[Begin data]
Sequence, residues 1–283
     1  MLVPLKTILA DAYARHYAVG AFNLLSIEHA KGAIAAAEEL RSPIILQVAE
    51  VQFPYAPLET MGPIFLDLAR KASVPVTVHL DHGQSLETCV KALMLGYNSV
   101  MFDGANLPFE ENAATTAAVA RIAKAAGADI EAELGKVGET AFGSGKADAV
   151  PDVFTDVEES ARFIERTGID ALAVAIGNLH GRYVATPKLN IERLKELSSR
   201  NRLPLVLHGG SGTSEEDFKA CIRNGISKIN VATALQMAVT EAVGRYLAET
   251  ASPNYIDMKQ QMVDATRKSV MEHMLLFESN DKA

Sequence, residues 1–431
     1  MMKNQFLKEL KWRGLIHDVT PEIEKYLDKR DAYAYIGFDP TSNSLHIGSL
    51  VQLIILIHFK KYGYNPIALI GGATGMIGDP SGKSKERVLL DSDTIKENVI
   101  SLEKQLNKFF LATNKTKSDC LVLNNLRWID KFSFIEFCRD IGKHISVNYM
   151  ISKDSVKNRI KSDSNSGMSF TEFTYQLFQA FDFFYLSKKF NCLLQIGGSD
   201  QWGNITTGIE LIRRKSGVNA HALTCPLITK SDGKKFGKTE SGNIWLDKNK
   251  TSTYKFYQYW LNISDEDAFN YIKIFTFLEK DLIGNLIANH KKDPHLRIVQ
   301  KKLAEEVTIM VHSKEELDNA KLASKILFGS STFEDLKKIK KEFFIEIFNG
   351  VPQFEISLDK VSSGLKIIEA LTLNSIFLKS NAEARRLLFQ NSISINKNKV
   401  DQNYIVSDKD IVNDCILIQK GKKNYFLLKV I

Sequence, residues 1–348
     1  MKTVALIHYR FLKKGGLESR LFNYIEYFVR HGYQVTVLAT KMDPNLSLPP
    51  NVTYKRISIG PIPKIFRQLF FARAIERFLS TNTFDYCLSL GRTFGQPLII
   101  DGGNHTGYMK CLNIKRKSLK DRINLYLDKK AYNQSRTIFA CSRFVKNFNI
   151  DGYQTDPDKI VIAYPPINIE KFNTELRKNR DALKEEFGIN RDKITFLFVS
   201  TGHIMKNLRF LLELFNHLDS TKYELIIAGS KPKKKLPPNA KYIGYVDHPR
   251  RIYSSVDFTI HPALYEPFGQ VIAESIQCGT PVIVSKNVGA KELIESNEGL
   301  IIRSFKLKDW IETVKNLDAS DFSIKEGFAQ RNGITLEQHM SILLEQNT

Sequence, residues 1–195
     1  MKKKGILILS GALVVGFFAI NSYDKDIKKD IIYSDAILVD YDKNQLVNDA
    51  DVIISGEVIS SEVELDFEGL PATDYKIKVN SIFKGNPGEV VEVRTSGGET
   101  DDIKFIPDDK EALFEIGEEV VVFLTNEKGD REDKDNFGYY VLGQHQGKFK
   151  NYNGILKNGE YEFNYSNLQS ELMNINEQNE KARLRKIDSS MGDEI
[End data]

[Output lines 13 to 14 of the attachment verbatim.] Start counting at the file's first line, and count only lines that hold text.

   201  QWGNITTGIE LIRRKSGVNA HALTCPLITK SDGKKFGKTE SGNIWLDKNK
   251  TSTYKFYQYW LNISDEDAFN YIKIFTFLEK DLIGNLIANH KKDPHLRIVQ